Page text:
In 1896 Wigan received a railway station in line with the town's size and importance. 1924 Renamed from "Wigan" to "Wigan Wallgate" on 2 June 1924. 1960 Passenger trains between Wigan Wallgate and Blackburn via Hindley were withdrawn on 4 January 1960. 1968 The last steam trains ran on British Railways and by this time most services through Wigan Wallgate had been converted to diesel multiple unit operation. The steam loco depot just west of Wallgate was closed and the sidings converted for stabling of DMUs; the 1965 British Rail timetable still shows express trains bypassing Wigan Wallgate. 1969 The direct line from Hindley to Pemberton was closed on 14 July 1969 and all Manchester to Liverpool Exchange trains were routed through Wallgate. 1970 The line from Bolton to Rochdale via Bury was closed on 5 October 1970. Trains from Liverpool now terminated at Bolton. Southport trains provided the main service to and from Manchester Victoria. 1977 On 30 April 1977, the former L&YR terminus at Liverpool Exchange was closed.
Trains were re-routed onto a new underground line beneath Liverpool city centre to Moorfields and Liverpool Central. Since diesel multiple units could not operate in the tunnels, trains from the Wigan line terminated at Sandhills, with passengers transferring to or from electric trains on the Southport or Ormskirk lines for the short trip into Liverpool city centre. 1977 During the early and mid-1970s, the frequency of British Rail's trains from Wigan Wallgate was reduced. Services operated at irregular intervals, those from the Liverpool line ran only as far as Wigan or Bolton and there were no off-peak trains on the Atherton line. In May 1977, the train service was improved under the financial sponsorship of Greater Manchester PTE. GMPTE subsidised BR to operate a regular interval timetable throughout the day, including stopping trains via the Atherton line; the improved frequency resulted in an increase in off-peak passenger numbers. 1978 The trains to Liverpool were cut back to Kirkby. This happened when Merseyrail completed electrification of the western section of line between Liverpool and Kirkby.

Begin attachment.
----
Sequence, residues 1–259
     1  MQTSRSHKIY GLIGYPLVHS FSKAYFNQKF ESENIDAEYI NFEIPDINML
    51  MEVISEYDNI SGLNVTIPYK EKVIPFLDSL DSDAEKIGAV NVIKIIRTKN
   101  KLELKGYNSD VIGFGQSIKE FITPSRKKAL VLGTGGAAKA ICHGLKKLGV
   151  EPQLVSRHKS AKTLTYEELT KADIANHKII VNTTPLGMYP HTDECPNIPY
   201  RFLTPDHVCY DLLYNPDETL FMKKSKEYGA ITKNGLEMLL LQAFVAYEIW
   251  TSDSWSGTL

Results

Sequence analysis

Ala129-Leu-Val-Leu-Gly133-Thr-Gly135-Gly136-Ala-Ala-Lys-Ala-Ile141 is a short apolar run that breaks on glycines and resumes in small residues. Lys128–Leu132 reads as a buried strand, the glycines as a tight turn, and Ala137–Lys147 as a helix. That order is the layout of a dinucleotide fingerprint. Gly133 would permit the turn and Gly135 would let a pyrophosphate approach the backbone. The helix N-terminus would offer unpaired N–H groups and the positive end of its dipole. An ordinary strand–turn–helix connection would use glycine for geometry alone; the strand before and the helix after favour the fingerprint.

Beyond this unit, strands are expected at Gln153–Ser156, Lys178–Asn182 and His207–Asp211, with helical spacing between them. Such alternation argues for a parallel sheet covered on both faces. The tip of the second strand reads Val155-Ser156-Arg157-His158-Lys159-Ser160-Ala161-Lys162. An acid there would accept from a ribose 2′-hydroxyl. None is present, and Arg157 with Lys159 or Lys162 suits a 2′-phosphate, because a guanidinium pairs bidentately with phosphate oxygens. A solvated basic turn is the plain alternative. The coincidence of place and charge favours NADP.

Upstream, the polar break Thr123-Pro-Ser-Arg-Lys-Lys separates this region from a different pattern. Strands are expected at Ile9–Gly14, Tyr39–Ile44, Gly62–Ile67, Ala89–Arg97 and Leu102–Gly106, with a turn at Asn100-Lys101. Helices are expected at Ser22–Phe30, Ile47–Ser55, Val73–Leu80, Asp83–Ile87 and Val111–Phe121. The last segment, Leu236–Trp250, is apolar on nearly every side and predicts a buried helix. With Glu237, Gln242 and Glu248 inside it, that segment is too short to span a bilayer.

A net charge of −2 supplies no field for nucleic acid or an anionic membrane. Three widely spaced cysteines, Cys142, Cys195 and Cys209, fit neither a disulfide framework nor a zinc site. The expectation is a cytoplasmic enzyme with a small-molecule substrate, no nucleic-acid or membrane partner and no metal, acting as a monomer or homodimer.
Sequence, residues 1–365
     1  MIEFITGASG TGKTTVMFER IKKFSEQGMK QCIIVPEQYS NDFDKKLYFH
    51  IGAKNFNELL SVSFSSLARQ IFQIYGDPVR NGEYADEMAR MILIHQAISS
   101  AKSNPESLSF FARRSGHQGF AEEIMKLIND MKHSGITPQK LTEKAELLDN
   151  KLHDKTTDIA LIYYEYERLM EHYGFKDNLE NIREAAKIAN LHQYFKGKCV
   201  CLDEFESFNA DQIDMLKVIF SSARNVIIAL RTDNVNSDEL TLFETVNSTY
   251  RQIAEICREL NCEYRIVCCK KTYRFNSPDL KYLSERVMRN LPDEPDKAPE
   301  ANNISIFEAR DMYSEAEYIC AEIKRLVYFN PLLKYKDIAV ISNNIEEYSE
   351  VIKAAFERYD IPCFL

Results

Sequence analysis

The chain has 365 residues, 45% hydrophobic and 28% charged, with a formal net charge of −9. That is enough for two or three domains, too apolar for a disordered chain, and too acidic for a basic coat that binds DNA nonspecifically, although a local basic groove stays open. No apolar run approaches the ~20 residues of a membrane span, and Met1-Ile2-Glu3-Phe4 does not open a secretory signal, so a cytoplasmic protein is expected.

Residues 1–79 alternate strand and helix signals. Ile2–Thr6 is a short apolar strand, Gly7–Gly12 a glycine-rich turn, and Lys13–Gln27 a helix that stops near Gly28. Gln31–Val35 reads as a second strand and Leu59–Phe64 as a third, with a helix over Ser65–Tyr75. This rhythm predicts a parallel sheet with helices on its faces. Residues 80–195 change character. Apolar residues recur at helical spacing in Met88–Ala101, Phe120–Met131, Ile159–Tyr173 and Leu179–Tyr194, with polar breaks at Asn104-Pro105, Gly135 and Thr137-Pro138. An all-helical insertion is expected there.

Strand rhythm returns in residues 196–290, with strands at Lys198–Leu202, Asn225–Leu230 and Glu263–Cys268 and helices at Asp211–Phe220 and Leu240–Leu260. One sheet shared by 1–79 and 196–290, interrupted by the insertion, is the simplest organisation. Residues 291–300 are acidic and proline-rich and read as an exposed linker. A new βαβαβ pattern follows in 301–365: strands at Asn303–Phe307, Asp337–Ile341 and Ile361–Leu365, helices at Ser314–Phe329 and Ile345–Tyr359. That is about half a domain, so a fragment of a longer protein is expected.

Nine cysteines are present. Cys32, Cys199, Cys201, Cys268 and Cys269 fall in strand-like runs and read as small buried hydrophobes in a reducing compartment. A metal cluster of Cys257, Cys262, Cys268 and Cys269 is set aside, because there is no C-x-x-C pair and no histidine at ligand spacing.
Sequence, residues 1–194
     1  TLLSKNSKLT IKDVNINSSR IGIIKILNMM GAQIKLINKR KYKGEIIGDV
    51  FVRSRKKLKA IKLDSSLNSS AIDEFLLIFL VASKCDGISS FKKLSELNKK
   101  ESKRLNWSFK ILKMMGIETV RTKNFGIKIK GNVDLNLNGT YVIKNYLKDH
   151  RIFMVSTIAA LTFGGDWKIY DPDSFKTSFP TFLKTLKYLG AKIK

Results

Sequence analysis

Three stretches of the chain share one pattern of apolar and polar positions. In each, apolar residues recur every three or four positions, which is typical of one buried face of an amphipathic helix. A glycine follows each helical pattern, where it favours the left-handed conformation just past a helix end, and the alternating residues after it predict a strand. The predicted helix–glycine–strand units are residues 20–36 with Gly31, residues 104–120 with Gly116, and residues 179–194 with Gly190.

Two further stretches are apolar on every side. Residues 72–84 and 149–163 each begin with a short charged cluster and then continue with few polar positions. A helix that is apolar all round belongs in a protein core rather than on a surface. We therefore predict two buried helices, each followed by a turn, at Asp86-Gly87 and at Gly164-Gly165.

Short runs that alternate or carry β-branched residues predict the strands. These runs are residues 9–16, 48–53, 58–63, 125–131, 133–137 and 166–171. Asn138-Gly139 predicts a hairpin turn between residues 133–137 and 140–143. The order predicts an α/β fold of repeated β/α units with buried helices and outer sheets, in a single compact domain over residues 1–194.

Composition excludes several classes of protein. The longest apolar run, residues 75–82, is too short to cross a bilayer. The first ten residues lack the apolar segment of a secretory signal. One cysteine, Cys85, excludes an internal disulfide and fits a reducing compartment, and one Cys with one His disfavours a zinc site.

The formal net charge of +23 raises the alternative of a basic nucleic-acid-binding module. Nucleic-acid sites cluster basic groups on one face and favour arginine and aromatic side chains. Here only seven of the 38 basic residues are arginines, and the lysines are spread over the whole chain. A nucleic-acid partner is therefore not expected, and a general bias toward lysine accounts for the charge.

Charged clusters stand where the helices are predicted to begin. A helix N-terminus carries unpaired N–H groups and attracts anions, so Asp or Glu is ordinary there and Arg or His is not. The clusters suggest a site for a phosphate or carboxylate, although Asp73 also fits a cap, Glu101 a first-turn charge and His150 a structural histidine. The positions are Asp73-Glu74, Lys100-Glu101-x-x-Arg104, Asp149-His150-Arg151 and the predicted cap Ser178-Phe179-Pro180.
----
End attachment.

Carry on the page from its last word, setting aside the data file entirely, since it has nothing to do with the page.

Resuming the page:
The diesel train from Wigan was scheduled to meet an electric train from Liverpool at Kirkby and passengers transfer trains to complete their journeys. This arrangement continues at Kirkby today. 1978 The Victorian-era buildings on the station platform at Wa
North West England
North West England, one of nine official regions of England, consists of the five counties of Cheshire, Greater Manchester and Merseyside. The North West had a population of 7,052,000 in 2011, it is the third-most populated region in the United Kingdom after the South Greater London. The largest settlements are Manchester, Warrington and Blackpool. North West England is bounded to the west by the Irish Sea; the region extends from the Scottish Borders in the north to the West Midlands region in the south. To its southwest is North Wales. Amongst the better known of the North West's physiographical features are the Lake District and the Cheshire Plain; the highest point in North West England is Cumbria, at a height of 3,209 feet. Windermere is the largest natural lake in England. Broad Crag Tarn on Broad Crag is England's highest lake. Wast Water is England's deepest lake, being 74m deep. A mix of rural and urban landscape, two large conurbations, centred on Liverpool and Manchester, occupy much of the south of the region.